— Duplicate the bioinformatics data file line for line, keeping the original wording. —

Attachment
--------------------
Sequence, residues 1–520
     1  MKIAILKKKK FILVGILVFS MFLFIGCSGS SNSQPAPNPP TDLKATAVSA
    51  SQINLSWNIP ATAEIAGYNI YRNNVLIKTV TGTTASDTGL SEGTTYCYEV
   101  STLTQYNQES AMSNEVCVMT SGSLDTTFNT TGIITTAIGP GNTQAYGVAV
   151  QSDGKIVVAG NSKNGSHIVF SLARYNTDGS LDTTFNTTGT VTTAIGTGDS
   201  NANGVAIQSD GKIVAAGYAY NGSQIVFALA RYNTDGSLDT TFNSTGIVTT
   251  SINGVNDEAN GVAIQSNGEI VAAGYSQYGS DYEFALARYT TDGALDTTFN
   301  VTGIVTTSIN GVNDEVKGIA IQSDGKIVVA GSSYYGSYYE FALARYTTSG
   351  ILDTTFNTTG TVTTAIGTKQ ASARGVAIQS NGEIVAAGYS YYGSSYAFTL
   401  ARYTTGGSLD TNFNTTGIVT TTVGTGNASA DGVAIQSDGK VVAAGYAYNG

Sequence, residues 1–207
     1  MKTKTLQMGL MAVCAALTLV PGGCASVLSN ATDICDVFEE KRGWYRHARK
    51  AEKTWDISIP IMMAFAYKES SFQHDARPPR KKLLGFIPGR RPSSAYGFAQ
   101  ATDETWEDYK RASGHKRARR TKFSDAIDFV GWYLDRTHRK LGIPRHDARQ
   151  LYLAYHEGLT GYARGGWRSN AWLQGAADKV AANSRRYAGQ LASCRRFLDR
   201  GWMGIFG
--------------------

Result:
Sequence, residues 1–520
     1  MKIAILKKKK FILVGILVFS MFLFIGCSGS SNSQPAPNPP TDLKATAVSA
    51  SQINLSWNIP ATAEIAGYNI YRNNVLIKTV TGTTASDTGL SEGTTYCYEV
   101  STLTQYNQES AMSNEVCVMT SGSLDTTFNT TGIITTAIGP GNTQAYGVAV
   151  QSDGKIVVAG NSKNGSHIVF SLARYNTDGS LDTTFNTTGT VTTAIGTGDS
   201  NANGVAIQSD GKIVAAGYAY NGSQIVFALA RYNTDGSLDT TFNSTGIVTT
   251  SINGVNDEAN GVAIQSNGEI VAAGYSQYGS DYEFALARYT TDGALDTTFN
   301  VTGIVTTSIN GVNDEVKGIA IQSDGKIVVA GSSYYGSYYE FALARYTTSG
   351  ILDTTFNTTG TVTTAIGTKQ ASARGVAIQS NGEIVAAGYS YYGSSYAFTL
   401  ARYTTGGSLD TNFNTTGIVT TTVGTGNASA DGVAIQSDGK VVAAGYAYNG

Sequence, residues 1–207
     1  MKTKTLQMGL MAVCAALTLV PGGCASVLSN ATDICDVFEE KRGWYRHARK
    51  AEKTWDISIP IMMAFAYKES SFQHDARPPR KKLLGFIPGR RPSSAYGFAQ
   101  ATDETWEDYK RASGHKRARR TKFSDAIDFV GWYLDRTHRK LGIPRHDARQ
   151  LYLAYHEGLT GYARGGWRSN AWLQGAADKV AANSRRYAGQ LASCRRFLDR
   201  GWMGIFG